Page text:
Studying along with the Buddhas and studying along with your self, explaining a furlong and explaining a foot; these are different. Speaking of ten and speaking of nine are different.

What is "not thus"? It is your self. What is "thus"? It is the
Buddhas.

When the great Baso was beginning to teach, his teacher Nangaku said to his own group, "Is Baso teaching people?" They said he was. Nangaku said,
"I have never seen anyone bring news of this." No one had any reply.

So
Nangaku sent a monk to Baso, with these instructions:

"When
Baso gets up in the hall to lecture, just ask him how he is. Remember what he says and come back."

The monk went and did as he had been told. When he returned, he told Nangaku,
"Baso said, 'Ever since the barbarian rebellion,

these last thirty years, I have never lacked salt and soup for meals.'"

Making a ball of this story, I offer it to the enlightened ones. There are three people who bear witness: one says it is making offerings of flowers, one says it is making offerings of precious incense, one says it is making offerings of head, eyes, marrow, and brains.

Leaving aside the testimony of these three people, how would the testimony of the whole community have any ordinary people explain?

"In the million years since the barbarian rebellion, I've never lacked salt and vinegar."

11

The lineage of Buddas comes from conditions, the teaching of Buddhas comes from the start. Once you have encountered good conditions, you shouldn't miss them, but should cultivate practical application. In practical application there is refutation and there is accommodation.

Being here, you shouldn't stumble past; you should find out the Way. In finding the
Way, there is practice, there is effort; if you break through one day, all things will be complete. If you haven't broken through, all things will be wrong.

Once there was a certain monk in the assembly of one of the great classical masters who was serving as the superintendent of the monastery.

One day the Zen master asked him, "How long have you been here?"

The monk said, "Three years, so far." The Zen master asked, "You are young; why don't you ever ask about the Teaching?" The monk said, "I
dare not deceive you. I already attained peace while I was at the place of another Zen teacher."

The
Zen master inquired, "By what words did you gain entry?" The monk said, "Once I asked the teacher, 'What is the student's self?' The teacher said, 'The fire god comes looking for fire!'"

Hearing this story, the Zen master remarked, "That is a fine saying, but I'm afraid you didn't understand."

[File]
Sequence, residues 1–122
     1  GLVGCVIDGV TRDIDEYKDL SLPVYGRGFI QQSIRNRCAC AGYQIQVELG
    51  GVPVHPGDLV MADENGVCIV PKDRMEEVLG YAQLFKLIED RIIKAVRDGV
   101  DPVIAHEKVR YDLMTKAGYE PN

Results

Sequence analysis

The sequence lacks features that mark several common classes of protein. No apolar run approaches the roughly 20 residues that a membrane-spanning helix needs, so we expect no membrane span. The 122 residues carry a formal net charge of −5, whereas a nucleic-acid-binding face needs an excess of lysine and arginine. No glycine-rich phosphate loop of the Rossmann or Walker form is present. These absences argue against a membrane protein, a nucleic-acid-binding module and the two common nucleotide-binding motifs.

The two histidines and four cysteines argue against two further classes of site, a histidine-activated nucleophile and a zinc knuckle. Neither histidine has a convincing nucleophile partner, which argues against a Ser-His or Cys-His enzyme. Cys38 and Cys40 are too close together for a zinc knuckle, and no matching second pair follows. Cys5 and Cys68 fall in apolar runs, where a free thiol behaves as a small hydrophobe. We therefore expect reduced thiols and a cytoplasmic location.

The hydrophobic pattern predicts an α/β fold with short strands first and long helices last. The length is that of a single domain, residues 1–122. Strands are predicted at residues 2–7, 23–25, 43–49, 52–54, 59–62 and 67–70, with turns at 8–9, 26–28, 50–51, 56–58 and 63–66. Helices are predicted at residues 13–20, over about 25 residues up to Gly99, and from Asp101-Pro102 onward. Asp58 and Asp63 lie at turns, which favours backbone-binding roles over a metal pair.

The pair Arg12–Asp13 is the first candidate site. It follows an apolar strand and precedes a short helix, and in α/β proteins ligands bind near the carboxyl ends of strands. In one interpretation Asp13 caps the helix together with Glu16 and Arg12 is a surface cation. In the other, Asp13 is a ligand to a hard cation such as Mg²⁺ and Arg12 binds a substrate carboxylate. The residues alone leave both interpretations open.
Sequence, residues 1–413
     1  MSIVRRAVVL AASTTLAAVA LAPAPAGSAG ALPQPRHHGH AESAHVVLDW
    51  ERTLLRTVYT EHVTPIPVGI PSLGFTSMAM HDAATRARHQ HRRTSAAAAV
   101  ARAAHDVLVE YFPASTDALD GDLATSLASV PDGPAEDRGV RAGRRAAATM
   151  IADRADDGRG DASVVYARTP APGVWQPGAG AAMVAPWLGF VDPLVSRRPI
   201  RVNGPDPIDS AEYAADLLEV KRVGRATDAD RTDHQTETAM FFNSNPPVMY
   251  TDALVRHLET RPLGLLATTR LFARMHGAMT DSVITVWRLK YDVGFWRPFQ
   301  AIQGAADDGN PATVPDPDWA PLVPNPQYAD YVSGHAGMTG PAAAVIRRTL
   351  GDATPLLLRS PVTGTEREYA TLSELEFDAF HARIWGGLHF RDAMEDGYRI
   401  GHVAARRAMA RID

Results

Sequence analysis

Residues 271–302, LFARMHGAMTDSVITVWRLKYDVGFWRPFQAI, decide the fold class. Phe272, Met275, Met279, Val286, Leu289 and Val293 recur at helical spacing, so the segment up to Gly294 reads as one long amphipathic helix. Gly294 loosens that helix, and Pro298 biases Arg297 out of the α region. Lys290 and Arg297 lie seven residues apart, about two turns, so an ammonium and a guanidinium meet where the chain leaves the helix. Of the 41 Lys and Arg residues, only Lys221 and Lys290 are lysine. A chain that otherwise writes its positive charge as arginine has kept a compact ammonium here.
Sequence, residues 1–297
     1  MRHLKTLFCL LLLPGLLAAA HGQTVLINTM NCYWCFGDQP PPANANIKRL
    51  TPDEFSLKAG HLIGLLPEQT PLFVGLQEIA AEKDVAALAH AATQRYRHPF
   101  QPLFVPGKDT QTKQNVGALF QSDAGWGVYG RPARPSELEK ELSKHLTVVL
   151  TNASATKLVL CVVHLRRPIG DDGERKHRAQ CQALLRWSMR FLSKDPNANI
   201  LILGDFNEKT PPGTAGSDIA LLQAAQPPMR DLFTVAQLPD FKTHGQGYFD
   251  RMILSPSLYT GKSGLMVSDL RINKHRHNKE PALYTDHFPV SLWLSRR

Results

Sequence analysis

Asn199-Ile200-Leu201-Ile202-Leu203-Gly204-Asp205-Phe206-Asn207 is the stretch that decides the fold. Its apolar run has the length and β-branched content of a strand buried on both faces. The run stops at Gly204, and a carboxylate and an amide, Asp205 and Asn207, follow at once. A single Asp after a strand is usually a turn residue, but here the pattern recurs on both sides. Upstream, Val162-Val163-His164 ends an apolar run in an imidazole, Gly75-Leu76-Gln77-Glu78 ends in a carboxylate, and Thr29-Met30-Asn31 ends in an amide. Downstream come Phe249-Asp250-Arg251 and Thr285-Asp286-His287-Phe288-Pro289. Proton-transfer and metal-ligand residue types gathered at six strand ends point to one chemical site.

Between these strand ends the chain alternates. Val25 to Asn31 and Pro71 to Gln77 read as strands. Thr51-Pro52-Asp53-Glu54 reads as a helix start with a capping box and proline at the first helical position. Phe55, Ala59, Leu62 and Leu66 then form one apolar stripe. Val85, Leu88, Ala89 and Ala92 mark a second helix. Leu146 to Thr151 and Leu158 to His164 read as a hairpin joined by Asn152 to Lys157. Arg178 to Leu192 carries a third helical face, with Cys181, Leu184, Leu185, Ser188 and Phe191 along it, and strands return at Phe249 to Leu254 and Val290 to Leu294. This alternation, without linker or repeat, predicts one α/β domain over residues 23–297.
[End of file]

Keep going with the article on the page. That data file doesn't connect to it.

The monk said, "The fire god is in the realm of fire; to seek fire with fire is like seeking the self."

The
Zen master said, "You really don't understand. If Buddhism were like this,
it wouldn't have reached the present."

The monk left in high dudgeon, but on his way out he thought, "This Zen master is the teacher of five hundred people. There must be some point to his warning that I'm wrong."

So he went back to the Zen master and apologized. The master instructed him,
"You ask me." The monk said, "What is the student's self?"
The Zen master said, "The fire god comes looking for fire!" At this the monk was greatly enlightened.

Before,
it was "the fire god looking for fire," and it was "the fire god looking for fire" afterwards too: why wasn't he enlightened the first time, but fell into the road of intellectual understanding; and why was he greatly enlightened afterwards and shed his nest of cliché?

Do you want to understand?

[Silence]

The fire god comes looking for fire;

how
much
light do the pillars and lamps begrudge?

Buried in
the
ashes,
though you search you don't see;

lighting
it
up
and
blowing
it
out,
it goes
into action
again.

12

When
Sudhana visited Manjushri, Manjushri said to him, "Go outside and get a stalk of medicinal herb."

Sudhana went out and looked all over the earth, finding nothing that was not medicine.

He returned and said to Manjushri, "The whole earth is medicine; what could I
bring?"

Manjushri said, "Bring a stalk of medicinal herb."

Sudhana brought a blade of grass.

Manjushri took the blade of grass, then showed it to the assembly and said, "This blade of grass can kill people and can also enliven people."

Before,
it was a blade of grass; later it was a blade of grass: how far apart are before and after?

[Silence]

They're a blade of grass apart.